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Shin Splints: How To Avoid Running Into Trouble

Published on May 16, 2016

Running season is upon us. For some that means trying an event like the Sydney Bridge Run for the first time. For others it can mean upping their training ahead of the The City 2 Surf. But as Sydney Osteopath Eddie Clark explains, if you go too hard you could find yourself suffering the dreaded Shin Splints.

One of the most frustrating problems we see in sports people and runners is Shin Splints. This is a common pain that comes on during and after activity involving repeated running of some sort. Pain is felt on the sides, the front or sometimes back of the shins. The clinical name for Shin Splints is medial tibial stress syndrome. Afterwards patients often experience marked tenderness alongside the inside border of the shin bone.

What are Shin Splints?

Whilst there is debate about where exactly the pain is coming from, there is a consensus that the problem is due to a stress reaction in the bone and/or the fine connective tissue sheaths and muscle around the bones of the shin, known as the periosteum. The repetitive stress from running overwhelms the body’s compensatory mechanisms over repeated activity. This triggers inflammatory change in the tissues and a stress response in the bone if it gets bad enough.

Why do Shin Splints happen?

Shin Splints are essentially an “overuse” issue. Repeated running sessions at or above the level of the shins’ ability to cope with biomechanical stresses trigger the symptoms and changes. It often comes on at the beginning of a training program or during a shift upwards in the intensity of training. The key element that most people misjudge is recovery time. Given enough time in between sessions, the body should be able to repair itself and ward off any lasting detrimental change.

That being said, some biomechanical foot postures are more prone to creating stress on the medial insertions of the periosteum. People with these postures may trigger Shin Splints more easily, or may suffer repeated episodes. Inappropriate footwear may play a part in triggering this condition too. Finally, certain training regimes are linked with Shin Splints – like sprint training, or running downhill or running for long periods on an uneven surface- eg the camber of a road.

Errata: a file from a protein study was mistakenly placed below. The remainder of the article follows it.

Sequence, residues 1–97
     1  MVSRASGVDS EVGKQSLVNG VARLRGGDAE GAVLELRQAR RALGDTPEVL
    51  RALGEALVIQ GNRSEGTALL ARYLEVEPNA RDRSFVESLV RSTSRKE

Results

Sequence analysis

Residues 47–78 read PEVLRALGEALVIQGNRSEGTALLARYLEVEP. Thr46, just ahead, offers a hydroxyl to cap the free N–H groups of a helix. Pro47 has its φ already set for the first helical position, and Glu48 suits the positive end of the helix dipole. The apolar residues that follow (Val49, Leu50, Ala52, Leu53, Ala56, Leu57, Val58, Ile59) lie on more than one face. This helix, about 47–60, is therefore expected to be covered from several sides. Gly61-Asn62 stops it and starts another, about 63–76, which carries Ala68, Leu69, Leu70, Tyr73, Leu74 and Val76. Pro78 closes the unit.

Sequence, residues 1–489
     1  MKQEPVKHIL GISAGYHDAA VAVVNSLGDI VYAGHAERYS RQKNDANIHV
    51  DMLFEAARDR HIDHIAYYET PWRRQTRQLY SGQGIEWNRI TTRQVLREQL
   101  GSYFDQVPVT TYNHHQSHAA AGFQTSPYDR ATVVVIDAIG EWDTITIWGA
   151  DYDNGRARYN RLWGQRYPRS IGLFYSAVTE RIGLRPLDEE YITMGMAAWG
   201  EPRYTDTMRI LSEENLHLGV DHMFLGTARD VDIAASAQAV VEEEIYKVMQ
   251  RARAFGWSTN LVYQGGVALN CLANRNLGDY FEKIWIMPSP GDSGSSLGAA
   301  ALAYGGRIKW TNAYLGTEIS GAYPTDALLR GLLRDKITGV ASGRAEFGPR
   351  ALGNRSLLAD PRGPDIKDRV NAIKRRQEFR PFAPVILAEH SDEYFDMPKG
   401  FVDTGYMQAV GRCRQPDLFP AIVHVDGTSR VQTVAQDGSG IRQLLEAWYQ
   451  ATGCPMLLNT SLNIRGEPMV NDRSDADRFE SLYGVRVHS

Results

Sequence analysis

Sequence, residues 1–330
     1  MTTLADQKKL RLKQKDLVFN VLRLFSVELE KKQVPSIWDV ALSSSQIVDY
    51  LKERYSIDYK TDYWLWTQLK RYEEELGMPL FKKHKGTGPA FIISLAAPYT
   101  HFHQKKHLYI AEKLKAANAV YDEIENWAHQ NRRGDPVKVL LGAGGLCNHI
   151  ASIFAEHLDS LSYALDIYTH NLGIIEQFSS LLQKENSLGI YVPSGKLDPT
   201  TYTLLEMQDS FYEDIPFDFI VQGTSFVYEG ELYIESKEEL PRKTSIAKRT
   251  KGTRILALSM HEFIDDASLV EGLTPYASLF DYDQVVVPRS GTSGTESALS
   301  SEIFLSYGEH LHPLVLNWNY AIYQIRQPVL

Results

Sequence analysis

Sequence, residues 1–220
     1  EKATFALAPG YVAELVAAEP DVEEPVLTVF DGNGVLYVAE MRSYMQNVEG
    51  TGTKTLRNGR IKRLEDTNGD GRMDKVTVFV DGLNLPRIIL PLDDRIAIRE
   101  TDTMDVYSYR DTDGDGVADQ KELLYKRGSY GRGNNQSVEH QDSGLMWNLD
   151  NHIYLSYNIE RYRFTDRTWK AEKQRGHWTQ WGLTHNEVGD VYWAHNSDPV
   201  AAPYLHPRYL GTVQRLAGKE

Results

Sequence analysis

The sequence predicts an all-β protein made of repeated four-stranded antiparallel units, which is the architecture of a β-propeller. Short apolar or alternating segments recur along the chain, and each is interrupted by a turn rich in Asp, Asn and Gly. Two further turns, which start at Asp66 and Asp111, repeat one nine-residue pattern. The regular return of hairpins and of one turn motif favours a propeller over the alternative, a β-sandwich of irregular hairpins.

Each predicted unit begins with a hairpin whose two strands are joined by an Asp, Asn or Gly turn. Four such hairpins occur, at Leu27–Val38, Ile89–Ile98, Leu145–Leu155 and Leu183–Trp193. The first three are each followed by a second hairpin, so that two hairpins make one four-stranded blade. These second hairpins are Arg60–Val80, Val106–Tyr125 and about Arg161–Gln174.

What can you do about Shin Splints?

Rest. Take adequate time off in between running sessions, or change up the training to incorporate other activities that remove repetitive running load from the shins. Weights, swimming or cycling will all suit. Weights may even be beneficial in enhancing the ability of the shin to deal with stress, as may stretch activities like Yoga. If you are having ongoing issues with Shin Splints, or it has been around a long time you may benefit from a professional assessment and a tailored plan.

What will an osteopath do for my Shin Splints?

An osteopath will put you through a comprehensive professional assessment and create a tailored plan that will suit your situation and training needs, as well as apply some experienced hands on treatments designed to give you symptom relief in the meantime.

Will it go away?

Eventually given time and the right management this condition almost always resolves. However you may need to reduce a beloved sporting activity or drastically lower expectations for completing that marathon in three weeks time. It’s common for people with chronic or repeat episodes of Shin Splints to need some professional help is finding a resolution.

What’s the worst -case scenario?

Repeated aggravations in some susceptible people can trigger stress fractures in the shin or a more serious condition known as compartment syndrome, where the pressure in the shin builds up to the point where it can damage nerves and reduce or stop blood flow. These people can end up having surgical decompression of their shin muscular compartments. However this is a pretty rare and extreme complication.

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